Jewish Journal


August 16, 2001

Finding the Perfect Match

The Skirball Cultural Center celebrates the "Jewish Wedding."


Nineteenth-century mikveh clogs and towel are part of the Skirball exhibit.

Nineteenth-century mikveh clogs and towel are part of the Skirball exhibit.

As the end of summer nears, a new exhibit offers a glimpse into the world of one of the most sacred and ritualized events in Judaism: the wedding. Opening on Aug. 18, and planned to run for sixth months, the Skirball Cultural Center will be hosting an exhibit on Jewish weddings titled "Romance and Ritual: A Celebration of the Jewish Wedding. "

Curated by Grace Cohen Grossman, author of "Jewish Art," the exhibit focuses particularly on the traditions and evolution of the Jewish wedding, and the objects, symbols and dress that have come to be associated with the occasion. Beginning with the Skirball's extensive collection of ketubot, or wedding contracts, it goes forward to include art created for Jewish weddings in the 1990s by local artists such as Ed Massey, photographer Bill Aron, and Sephardic artist Sarah Guerrero. The exhibit also showcases the objects created to mark the importance of beginning a family.

In curating the exhibit, Grossman says that it was essential for her "to maintain, what has remained basically the same: ketuba, chuppah (the wedding canopy), ring, blessings and drinking wine." From these basic elements, the exhibit attempts to show the cultural diversity of Jews and their wedding traditions. "The transition in weddings can be seen in lots of ways through different items," Grossman explains of the collection of objects, which includes expected items like wedding gowns, to the unusual, like a pair of mikveh (ritual bath) clogs and towel from 19th-century Rhodes.

The Skirball's exhibit highlights a collection of ketubot -- dating from the 17th century in Venice, Italy through a ketuba created in Shanghai in the mid-20th century for a Jewish refugee couple.

The display also celebrates the continuation of marriage as it blossoms into family. The wimple, or binding cloth traditionally embroidered by a woman for the birth of her son, displays the path Jewish parents ideally wish their son to take. The unique piece of Jewish folk art bears an inscription with the child's name and the words "May he grow up to Torah, to the chuppah and to do good deeds." It is used as a swaddling cloth at the circumcision ceremony and to wrap the Torah at the child's bar mitzvah.

The assemblage of Jewish wedding gowns begins with the Victorian style of the late 19th century, to a traditional wedding costume from Persia, to a unique dress that was created for a wedding in the 1970s. "American wedding gowns show changing fashions over time and parallel American Jewish experience in the stories associated with them and what the ceremonies were like," Grossman said. "Middle Eastern clothing changed from costumes similar to local costumes of the period to white wedding gowns, yet some couples still use the traditional clothing for some aspect of their wedding."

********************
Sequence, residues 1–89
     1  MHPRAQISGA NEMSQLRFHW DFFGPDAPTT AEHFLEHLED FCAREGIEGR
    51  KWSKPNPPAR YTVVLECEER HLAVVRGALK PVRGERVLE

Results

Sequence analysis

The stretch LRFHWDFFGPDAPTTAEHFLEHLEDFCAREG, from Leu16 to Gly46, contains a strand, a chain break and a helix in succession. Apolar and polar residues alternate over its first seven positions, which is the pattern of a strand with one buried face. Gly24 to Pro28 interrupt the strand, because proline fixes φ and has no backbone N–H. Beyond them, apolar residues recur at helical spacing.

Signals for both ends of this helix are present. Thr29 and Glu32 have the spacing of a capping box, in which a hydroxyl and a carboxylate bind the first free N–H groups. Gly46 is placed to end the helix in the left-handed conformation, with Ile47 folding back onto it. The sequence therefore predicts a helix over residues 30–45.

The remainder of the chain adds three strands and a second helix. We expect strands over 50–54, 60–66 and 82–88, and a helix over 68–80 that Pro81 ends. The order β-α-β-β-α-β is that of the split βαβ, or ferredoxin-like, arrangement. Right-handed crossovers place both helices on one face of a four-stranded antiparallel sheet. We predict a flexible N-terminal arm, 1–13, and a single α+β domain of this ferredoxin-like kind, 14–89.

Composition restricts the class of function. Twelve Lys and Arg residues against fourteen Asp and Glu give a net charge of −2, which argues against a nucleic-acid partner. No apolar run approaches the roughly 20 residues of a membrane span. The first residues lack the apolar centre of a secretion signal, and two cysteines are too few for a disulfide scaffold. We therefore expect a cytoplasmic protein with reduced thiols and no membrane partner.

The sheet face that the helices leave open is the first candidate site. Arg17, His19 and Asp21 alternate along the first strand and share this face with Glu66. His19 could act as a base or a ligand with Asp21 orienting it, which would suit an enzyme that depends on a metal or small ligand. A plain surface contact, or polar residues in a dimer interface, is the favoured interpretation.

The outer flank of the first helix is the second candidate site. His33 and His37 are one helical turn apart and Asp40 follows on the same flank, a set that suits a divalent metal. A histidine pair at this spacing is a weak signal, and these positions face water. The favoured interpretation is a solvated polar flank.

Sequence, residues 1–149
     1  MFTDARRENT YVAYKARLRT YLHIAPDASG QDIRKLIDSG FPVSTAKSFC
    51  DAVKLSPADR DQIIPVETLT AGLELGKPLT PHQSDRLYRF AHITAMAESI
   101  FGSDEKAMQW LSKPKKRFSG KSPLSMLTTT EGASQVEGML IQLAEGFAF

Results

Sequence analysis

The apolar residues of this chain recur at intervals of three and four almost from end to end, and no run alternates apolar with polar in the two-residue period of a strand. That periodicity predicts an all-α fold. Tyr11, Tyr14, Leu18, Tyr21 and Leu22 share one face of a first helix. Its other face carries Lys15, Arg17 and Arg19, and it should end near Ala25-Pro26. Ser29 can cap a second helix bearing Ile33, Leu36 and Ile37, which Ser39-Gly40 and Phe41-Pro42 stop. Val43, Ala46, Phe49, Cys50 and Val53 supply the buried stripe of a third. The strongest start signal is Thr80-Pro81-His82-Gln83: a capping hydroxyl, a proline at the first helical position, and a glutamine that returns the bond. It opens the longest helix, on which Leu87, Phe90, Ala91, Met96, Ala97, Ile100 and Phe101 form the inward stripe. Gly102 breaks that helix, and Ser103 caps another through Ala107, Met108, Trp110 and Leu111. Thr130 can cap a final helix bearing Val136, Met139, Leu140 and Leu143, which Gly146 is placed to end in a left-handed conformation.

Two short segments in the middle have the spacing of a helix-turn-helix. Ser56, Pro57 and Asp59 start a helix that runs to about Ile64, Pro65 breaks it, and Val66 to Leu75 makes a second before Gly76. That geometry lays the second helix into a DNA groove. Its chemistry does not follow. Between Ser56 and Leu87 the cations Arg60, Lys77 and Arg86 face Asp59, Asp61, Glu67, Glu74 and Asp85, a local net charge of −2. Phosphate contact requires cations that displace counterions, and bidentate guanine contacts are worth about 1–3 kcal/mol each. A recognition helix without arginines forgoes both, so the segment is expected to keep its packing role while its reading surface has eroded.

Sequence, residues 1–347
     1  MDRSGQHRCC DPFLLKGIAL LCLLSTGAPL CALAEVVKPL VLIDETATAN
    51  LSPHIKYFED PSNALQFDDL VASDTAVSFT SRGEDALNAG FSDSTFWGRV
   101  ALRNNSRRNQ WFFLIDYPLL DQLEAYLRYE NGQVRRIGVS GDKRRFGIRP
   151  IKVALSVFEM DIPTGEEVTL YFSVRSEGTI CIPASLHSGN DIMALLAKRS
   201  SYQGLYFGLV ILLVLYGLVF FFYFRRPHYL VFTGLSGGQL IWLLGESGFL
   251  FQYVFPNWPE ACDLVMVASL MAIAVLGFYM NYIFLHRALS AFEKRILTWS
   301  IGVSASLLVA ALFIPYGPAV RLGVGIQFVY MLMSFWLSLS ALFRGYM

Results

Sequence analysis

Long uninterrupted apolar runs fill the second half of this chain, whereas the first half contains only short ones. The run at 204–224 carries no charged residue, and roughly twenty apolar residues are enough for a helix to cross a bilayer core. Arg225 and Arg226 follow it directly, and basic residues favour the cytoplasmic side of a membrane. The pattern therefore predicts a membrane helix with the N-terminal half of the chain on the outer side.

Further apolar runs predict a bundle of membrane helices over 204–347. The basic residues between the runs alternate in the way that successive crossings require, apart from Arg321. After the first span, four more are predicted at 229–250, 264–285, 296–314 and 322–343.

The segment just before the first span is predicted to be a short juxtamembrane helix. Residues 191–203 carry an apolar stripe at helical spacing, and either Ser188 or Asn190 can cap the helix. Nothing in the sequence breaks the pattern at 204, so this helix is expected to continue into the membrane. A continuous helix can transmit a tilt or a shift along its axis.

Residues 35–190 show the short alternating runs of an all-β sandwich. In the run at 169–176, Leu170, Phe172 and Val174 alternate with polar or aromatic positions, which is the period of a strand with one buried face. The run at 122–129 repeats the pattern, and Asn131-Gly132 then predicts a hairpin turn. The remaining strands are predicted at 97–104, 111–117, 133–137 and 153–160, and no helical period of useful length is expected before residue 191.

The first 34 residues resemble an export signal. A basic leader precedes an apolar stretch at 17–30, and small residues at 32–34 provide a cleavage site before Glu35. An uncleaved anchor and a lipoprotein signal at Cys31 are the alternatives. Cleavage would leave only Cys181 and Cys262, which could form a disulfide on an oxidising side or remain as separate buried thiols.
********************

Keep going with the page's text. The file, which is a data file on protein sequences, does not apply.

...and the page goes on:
The juxtaposition of a delicate ivory silk and lace of a Victorian gown worn by Annie Oshinsky in 1876 next to a gold velvet wedding dress worn by Joan Felmus in 1973, shows that the idea of what is appropriate in marriage and celebration has expanded, and become more individualized. The collection contains dresses from several decades, including that of the 1940s wedding of Peachy Levy, a Jewish artist. Her classic princess gown, with its tiny waist and frothy skirt, was bought at Saks Fifth Avenue in 1949 for her Reform ceremony at the Beverly Hills Hotel. "I really can't remember trying on any other dress, although I'm sure I must have," Levy says. "I do remember that when I tried this one on I knew it was 'it'," Levy reminisces. As for her wedding day itself, like many overwhelmed brides her memory of the day is shady, "I must honestly say I don't remember much except that I was in a dream world to be married to my darling Mark."

One of the highlights of the wedding dress section is the exquisite one Ed Massey sculpted for his bride, Dawn Harris, to wear at their 1998 wedding. Similar to a wedding cake in its delicate covering of flowers -- made not of frosting, but of sculpting clay -- the dress weighs more than 150 pounds, and required rope handles hidden inside of the dress to steer it down the aisle. It also featured a sculpted duck pond on the back of the dress, complete with a family of ducks to symbolize the couple's hopes for beginning a family of their own, which was realized with the birth of their son, Felix. At Grossman's request, Massey has created an installation piece of his proposal and wedding to Harris at the Skirball; complete with the music Harris composed to have played at their wedding.

Of all the wedding components on display at the Skirball, Grossman said her favorite part of the wedding is when the ceremony is over and the couple walks back down the aisle. "To me, it really symbolizes them beginning their new life together hand in hand."

For more information, call the Skirball Cultural Center at (310) 440-4500 or visit www.skirball.org.

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